Key words :
large hadron collider,
LHC: The Six Billion Dollar Questions
6 Dec, 2007 09:48 am
Scitizen talks to Dr. Monica Dunford, a US physicist working on the Large Hadron Collider (LHC) experiment ATLAS with the University of Chicago.
ATLAS is one of two general purpose detectors at the LHC (the other being CMS). One of the scientific goals for ATLAS is the search for new physics therefore the detector itself is designed to be very versatile. As detectors go, ATLAS is massive, roughly the size of a 5-story building weighing about 7,700 tons. The basic components of the detector are the tracking systems, calorimeters, the muon spectrometer, the magnet systems, the data acquisition system and the trigger. I specifically work on the calorimeters. When the beams collide, there is the possibility to produce new heavy particles. These particles would decay quickly into 'jets' of lighter particles.
The purpose of the calorimeters is to measure the energies of the photons, electrons, protons and neutrons produced in order to study the properties of new particles.
Just how big is the LHC?
The circular tunnel where the beam circulates is roughly 26 kilometers (16.5 miles) in circumference. The tunnels depth underground ranges from 50 meters to 175 meters. (As a side note, one of the best forms of transportation in the tunnel is a bicycle. Although the change of depth is so gradual you can not see it by eye, you can really feel it when peddling around the tunnel!). Inside the tunnel are liquid-helium cooled superconducting magnets which are used to accelerate the protons in the beam. The beams are designed to collide within ATLAS and CMS 40 million times per second.
What is the purpose of the LHC?
When operational, the LHC will be the most power collider to ever run. The accelerator is designed to collide protons on protons. Each beam of protons have an energy of 7 TeV, resulting in a total collision energy of 14 TeV. For comparison the current most-powerful accelerator, the Tevatron at Fermilab, has a total collision energy of 1.96 TeV.
One of the major scientific goals of the LHC and ATLAS is discovery of the Higgs boson. This particle is predicted by the Standard Model, and it is the only particle predicted by this theory which has not yet been observed. Interaction with the Higgs boson is how the other elementary particles (such as the quarks and electrons) acquire mass, so the Higgs is a very important particle in the theory. If the Higgs particle as predicted by the Standard Model exists, it will be observed at the LHC.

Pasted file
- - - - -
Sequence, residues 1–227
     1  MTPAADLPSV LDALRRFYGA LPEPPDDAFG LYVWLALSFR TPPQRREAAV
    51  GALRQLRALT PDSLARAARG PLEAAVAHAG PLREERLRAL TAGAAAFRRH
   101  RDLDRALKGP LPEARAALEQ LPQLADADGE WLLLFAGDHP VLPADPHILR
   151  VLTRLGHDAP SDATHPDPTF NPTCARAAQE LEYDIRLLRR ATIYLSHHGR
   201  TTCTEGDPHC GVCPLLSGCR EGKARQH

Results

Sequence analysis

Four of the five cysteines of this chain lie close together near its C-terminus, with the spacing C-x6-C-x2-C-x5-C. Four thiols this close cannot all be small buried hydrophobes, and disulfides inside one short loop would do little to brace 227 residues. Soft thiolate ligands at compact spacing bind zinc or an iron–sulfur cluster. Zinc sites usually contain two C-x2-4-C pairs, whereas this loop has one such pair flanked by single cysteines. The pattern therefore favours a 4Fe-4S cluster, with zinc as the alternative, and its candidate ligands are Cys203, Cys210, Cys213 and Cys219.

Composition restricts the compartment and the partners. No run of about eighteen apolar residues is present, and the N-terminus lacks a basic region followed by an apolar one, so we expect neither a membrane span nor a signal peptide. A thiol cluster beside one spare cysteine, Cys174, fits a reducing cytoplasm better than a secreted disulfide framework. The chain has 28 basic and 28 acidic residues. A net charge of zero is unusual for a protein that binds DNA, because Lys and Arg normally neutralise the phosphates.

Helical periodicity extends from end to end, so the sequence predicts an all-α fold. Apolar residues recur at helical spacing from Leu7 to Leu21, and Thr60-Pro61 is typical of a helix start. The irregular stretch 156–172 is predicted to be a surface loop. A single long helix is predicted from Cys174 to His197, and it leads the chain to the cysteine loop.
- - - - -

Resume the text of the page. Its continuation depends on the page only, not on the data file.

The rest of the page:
Besides finding the elusive Higgs, there are many other open scientific questions that the LHC hopes to probe. The current theoretical description of the elementary particles and their interactions (the Standard Model) has been tested extensively at other collider experiments. But there is much theoretical motivation to suggest that the Standard Model is not complete. Gravity for example is not incorporated into the Standard Model. There are large corrections applied to the particle masses in order for the theory to agree with nature. Several new theories have been proposed to address these open issues. In the theory of Supersymmetry (SUSY), a new symmetry is introduced which relates the known elementary particles to a 'superpartner'. The introduction of the superpartner naturally corrects the particle masses. The existance of SUSY is also predicted in many string theories.
Other open questions include, why is there so much matter over anti-matter in the universe? This question can be addressed at the LHC by studying the charge-parity (CP) violation in the elementary particles and any new particles.
Most of the matter in the universe is 'dark matter'. What is dark matter? SUSY, for example, predicts the existence of new heavy particles which might be candidates for dark matter observed by astronomers.
What was your motivation to join this project, and what do you hope to observe and learn once the LHC is “turned on” in 2008?
My motivation for working on ATLAS is the search for new physics: physics beyond the Standard Model. Part of what makes the LHC so exciting is that we don't know what we are going to see. We have lots of predictions and theories about what to expect but perhaps nature has a curve-ball in store. Who knows? Everyday the excitement and anticipation of discovery at CERN grows. We all have a lot of fundamental questions about nature and the universe and I am hoping that the turn-on of the LHC might lead us to some answers.
Interview by Audrey Wang
Monica Dunford's blog about her time at CERN and ATLAS can be found here
Key words :
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